Syphilis increasing in men, CDC says

November 09, 2005|By LOS ANGELES TIMES

LOS ANGELES -- Men undertaking risky homosexual activity are fueling a sharp increase in the incidence of syphilis and a smaller but concerning rise in gonorrhea resistant to commonly used antibiotics, federal researchers said yesterday.

Those increases come at a time when venereal disease rates among historically important risk groups, especially women and minorities, have been declining, according to a new report from the Centers for Disease Control and Prevention.

San Francisco, as in previous years, had the highest incidence of syphilis, with a rate of 45.9 cases per 100,000 people. Baltimore ranked third with 33.2.

The diseases "are a significant and ongoing threat to millions of Americans," said Dr. Ronald Valdiserri, acting director of CDC's National Center for HIV, STD and TB Prevention. They cost the health care system $13 billion a year, he said.

Health authorities made major inroads into syphilis transmission during the 1990s, bringing the annual number of new cases during 2000 to the lowest level since recordkeeping began in 1941.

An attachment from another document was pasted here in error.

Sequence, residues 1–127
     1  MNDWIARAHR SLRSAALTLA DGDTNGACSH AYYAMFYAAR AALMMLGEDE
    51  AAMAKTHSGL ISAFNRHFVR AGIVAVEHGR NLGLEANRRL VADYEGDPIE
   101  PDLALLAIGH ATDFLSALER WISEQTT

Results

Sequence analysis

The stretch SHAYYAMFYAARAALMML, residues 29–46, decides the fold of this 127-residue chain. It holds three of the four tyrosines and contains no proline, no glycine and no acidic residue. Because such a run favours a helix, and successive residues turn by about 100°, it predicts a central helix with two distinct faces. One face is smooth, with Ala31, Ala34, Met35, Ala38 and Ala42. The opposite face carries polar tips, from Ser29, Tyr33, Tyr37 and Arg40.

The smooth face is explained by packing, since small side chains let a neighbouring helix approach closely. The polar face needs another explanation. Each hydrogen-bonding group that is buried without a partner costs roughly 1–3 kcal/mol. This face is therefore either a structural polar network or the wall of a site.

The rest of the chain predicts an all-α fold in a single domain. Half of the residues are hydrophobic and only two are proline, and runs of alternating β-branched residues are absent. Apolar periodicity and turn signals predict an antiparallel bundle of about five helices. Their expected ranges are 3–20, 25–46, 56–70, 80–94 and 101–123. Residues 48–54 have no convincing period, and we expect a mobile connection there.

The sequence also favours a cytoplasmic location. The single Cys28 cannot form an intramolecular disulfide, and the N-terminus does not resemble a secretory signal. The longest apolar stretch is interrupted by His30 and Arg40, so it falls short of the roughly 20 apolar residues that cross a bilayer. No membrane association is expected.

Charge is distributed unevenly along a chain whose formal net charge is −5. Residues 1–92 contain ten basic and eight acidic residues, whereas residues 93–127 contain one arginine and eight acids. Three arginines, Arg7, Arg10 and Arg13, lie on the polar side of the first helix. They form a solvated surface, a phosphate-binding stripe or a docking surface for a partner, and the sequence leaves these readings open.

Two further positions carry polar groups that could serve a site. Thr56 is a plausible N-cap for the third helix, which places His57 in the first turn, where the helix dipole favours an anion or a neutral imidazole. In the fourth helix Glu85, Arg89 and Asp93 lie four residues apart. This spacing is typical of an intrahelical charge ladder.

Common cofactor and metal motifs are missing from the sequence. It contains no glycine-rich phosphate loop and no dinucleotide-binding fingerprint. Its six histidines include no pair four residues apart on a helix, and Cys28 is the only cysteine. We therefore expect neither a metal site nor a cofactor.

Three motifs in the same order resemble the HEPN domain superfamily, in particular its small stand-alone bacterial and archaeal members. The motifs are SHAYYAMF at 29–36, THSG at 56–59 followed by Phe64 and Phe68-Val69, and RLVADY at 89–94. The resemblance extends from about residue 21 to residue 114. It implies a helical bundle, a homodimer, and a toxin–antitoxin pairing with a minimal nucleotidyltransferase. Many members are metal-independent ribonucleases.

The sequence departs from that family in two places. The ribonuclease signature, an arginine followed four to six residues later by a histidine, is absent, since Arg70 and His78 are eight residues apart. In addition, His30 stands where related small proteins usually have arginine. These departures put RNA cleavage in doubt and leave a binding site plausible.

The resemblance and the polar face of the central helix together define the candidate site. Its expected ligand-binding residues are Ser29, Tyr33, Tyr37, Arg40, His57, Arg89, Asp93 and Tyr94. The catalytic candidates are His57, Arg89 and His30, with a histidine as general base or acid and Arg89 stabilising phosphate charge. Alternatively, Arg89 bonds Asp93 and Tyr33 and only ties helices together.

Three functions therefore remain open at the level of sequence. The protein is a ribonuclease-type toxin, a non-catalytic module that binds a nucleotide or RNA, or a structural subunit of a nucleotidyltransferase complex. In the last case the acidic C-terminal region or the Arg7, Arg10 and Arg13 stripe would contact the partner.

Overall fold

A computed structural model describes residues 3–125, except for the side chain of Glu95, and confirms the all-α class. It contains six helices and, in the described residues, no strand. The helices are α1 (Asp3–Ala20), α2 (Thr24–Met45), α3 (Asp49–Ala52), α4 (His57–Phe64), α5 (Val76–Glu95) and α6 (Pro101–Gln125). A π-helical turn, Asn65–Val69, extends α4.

Between 2000 and 2004, however, the rate rose by 29 percent to a total of 7,980 cases, with most of the increase occurring among men. Men engaging in homosexual activities accounted for 64 percent of the syphilis infections in 2004, compared with about 5 percent in 1999, said Dr. John Douglas, director of the CDC's division of STD prevention.

The number of cases is relatively small, but the data are potentially alarming, experts said, because increases in venereal disease are generally precursors of increases in the transmission of AIDS, which is much more difficult to combat.

"We have very good and sound information showing increases in high-risk behaviors among men having sex with men since 1999," fueling the increase in syphilis, Valdiserri said.

Baltimore Sun Articles
|
|
|
Please note the green-lined linked article text has been applied commercially without any involvement from our newsroom editors, reporters or any other editorial staff.